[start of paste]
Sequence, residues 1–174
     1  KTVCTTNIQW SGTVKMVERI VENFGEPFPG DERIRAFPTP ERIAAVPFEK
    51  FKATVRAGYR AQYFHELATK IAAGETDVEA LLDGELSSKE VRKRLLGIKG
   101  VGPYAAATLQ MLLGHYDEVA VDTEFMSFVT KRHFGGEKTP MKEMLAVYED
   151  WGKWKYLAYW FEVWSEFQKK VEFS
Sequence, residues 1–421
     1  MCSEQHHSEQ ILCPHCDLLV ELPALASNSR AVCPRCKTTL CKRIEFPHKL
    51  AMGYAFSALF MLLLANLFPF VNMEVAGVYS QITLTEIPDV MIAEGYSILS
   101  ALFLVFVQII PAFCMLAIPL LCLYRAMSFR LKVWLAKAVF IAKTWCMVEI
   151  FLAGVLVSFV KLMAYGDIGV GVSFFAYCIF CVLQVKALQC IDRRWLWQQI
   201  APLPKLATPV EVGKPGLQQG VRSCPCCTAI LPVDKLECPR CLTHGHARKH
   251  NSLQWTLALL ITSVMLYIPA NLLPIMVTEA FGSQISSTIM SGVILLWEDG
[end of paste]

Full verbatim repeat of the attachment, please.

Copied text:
Sequence, residues 1–174
     1  KTVCTTNIQW SGTVKMVERI VENFGEPFPG DERIRAFPTP ERIAAVPFEK
    51  FKATVRAGYR AQYFHELATK IAAGETDVEA LLDGELSSKE VRKRLLGIKG
   101  VGPYAAATLQ MLLGHYDEVA VDTEFMSFVT KRHFGGEKTP MKEMLAVYED
   151  WGKWKYLAYW FEVWSEFQKK VEFS
Sequence, residues 1–421
     1  MCSEQHHSEQ ILCPHCDLLV ELPALASNSR AVCPRCKTTL CKRIEFPHKL
    51  AMGYAFSALF MLLLANLFPF VNMEVAGVYS QITLTEIPDV MIAEGYSILS
   101  ALFLVFVQII PAFCMLAIPL LCLYRAMSFR LKVWLAKAVF IAKTWCMVEI
   151  FLAGVLVSFV KLMAYGDIGV GVSFFAYCIF CVLQVKALQC IDRRWLWQQI
   201  APLPKLATPV EVGKPGLQQG VRSCPCCTAI LPVDKLECPR CLTHGHARKH
   251  NSLQWTLALL ITSVMLYIPA NLLPIMVTEA FGSQISSTIM SGVILLWEDG